TPS for Syrians Is Extended and Re-Designated

Is "re-designation" even legal?

By Elizabeth Jacobs on July 29, 2022

U.S. Department of Homeland Security (DHS) Secretary Alejandro Mayorkas announced today, July 29, that he will extend and re-designate Syria for Temporary Protected Status (TPS). The extension is for people who already have TPS, but the "redesignation" is for new applicants, and may be ultra vires (without legal authority).

TPS protects aliens who entered the United States prior to a country’s TPS designation from removal and provides beneficiaries work authorization (and, as a result, Social Security numbers) in the United States. An alien does not need to be lawfully present in the United States to be eligible. For a country to receive a TPS designation, the DHS secretary, in consultation with the U.S. Department of State or other appropriate agencies, must determine that a country is experiencing:

  1. An ongoing armed conflict within the country such that requiring the return of nationals to that country would pose a serious threat to their personal safety;
  2. A natural or environment disaster resulting in a substantial, but temporary, disruption of living conditions such that the foreign state is temporarily unable to adequately handle the return of their nationals; or
  3. “Extraordinary and temporary” conditions in the foreign state that prevent nationals of the state from returning safely (unless the secretary determines that permitting such aliens to remain temporarily in the United States is contrary to the national interest of the United States).

Congress limited TPS designation periods to no longer than 18 months, providing the DHS secretary options to extend or terminate given specific conditions.

Specifically, Secretary Mayorkas’s extension allows existing beneficiaries to retain TPS through March 31, 2024, so long as they otherwise continue to meet the eligibility requirements for TPS. Existing beneficiaries who decide to extend their status must re-register during the 60-day re-registration period described in this notice. According to U.S. Citizenship and Immigration Services (USCIS), the agency charged with processing TPS applications, “The extension of TPS for Syria allows approximately 6,448 current beneficiaries to re-register to retain TPS if they continue to meet TPS eligibility requirements.”

Secretary Mayorkas’s re-designation, however, presents interesting policy questions. By re-designating TPS for Syria rather than merely extending the current designation, aliens who have entered the country after the most recent designation date are now eligible for TPS protection from removal and work authorization, enlarging the potential class of beneficiaries. Typically, aliens must have been present in the United States on or before the date a country is designated for TPS to be eligible to benefit. This is an intentional feature designed to prevent TPS from encouraging additional illegal immigration to the United States. USCIS estimates that approximately 960 additional individuals may be eligible for TPS under the re-designation of Syria.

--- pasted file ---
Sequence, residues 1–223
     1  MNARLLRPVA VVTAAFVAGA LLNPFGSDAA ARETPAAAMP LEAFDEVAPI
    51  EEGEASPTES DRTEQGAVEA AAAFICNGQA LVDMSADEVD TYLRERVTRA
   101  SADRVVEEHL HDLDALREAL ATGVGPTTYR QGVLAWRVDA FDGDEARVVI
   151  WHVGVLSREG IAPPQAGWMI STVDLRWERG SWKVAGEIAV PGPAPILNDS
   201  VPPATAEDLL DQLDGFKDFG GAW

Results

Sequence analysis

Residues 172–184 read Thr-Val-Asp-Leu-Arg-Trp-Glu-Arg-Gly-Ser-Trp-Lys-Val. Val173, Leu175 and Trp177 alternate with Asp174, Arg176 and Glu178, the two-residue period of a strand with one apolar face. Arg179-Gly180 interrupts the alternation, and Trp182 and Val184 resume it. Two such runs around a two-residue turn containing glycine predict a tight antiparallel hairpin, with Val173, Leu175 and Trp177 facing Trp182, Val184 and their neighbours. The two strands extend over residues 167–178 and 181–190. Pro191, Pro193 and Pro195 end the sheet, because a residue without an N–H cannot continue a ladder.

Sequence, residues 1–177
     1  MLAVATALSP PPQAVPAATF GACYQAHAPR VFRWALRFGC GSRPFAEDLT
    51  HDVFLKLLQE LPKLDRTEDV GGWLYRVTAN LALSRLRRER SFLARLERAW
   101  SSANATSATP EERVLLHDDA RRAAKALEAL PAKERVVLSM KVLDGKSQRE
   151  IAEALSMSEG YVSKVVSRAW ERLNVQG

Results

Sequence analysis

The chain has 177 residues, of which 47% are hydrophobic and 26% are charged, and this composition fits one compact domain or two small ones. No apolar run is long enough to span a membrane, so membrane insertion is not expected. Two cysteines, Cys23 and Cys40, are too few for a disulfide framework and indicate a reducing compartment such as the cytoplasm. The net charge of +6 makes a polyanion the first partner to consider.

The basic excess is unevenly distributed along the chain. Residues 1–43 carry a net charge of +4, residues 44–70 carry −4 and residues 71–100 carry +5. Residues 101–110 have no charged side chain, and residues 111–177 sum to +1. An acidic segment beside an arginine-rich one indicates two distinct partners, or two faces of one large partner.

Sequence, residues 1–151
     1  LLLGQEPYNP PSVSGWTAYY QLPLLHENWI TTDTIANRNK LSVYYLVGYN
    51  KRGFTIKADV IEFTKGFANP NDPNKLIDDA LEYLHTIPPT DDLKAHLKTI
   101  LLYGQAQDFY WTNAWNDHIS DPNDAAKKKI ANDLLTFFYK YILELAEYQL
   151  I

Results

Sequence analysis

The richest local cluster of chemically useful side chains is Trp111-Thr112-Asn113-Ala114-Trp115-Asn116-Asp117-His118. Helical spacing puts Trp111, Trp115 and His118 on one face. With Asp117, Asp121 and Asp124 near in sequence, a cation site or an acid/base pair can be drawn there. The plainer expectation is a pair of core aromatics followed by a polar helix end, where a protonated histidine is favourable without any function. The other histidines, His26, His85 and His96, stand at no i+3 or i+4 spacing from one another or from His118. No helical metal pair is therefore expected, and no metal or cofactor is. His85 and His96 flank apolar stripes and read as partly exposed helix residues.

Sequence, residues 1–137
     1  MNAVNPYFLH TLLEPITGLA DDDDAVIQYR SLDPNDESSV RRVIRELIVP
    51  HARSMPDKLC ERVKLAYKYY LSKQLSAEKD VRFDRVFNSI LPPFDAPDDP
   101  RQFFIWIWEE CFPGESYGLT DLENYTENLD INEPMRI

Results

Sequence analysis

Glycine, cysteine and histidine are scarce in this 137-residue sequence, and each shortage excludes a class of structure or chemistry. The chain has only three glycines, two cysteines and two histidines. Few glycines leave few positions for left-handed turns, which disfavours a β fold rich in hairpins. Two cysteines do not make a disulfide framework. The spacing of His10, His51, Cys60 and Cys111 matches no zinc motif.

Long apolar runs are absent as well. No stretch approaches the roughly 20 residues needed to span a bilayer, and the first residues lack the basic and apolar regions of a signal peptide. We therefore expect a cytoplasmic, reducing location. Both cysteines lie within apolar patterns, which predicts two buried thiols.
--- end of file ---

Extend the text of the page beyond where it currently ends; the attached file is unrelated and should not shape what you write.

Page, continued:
Syria was initially designated for TPS in 2012 on the basis of “extraordinary and temporary” conditions that prevented nationals of Syria from returning safely. Syria’s designation has been extended every 18 months thereafter and has received re-designations four out of six times (during the Obama and Biden administrations). Starting in 2016, Syria was also determined to warrant its TPS designation on the basis of “ongoing armed conflicts”.

Whether Congress contemplated a country re-designation without the occurrence of a new event (armed conflict, natural disaster, or extraordinary or temporary conditions, as outlined in section 244 of the Immigration and Nationality Act (INA)) warranting the grant of additional protection is also unlikely. The INA specifically details protocol to designate, extend, and terminate TPS, but is silent on re-designation. Further, Congress created TPS specifically to rein in executive branch discretion as an alternative to providing humanitarian parole. Understanding section 244 of the INA as a restriction, rather than an expansion, of executive authority suggests that if Congress had intended to permit re-designations outside of the circumstances outlined in INA § 244(b)(1), it would have said so.

It is also worth noting that DHS has continued to deport Syrian nationals to Syria throughout its TPS designation period, raising the question of whether it’s appropriate to re-designate rather than merely extend its designation most recently approved in 2021. As of May 2022, DHS deported 19 Syrian nationals in fiscal year (FY) 2022. Syria’s TPS extension and re-designation goes into effect October 1, 2022.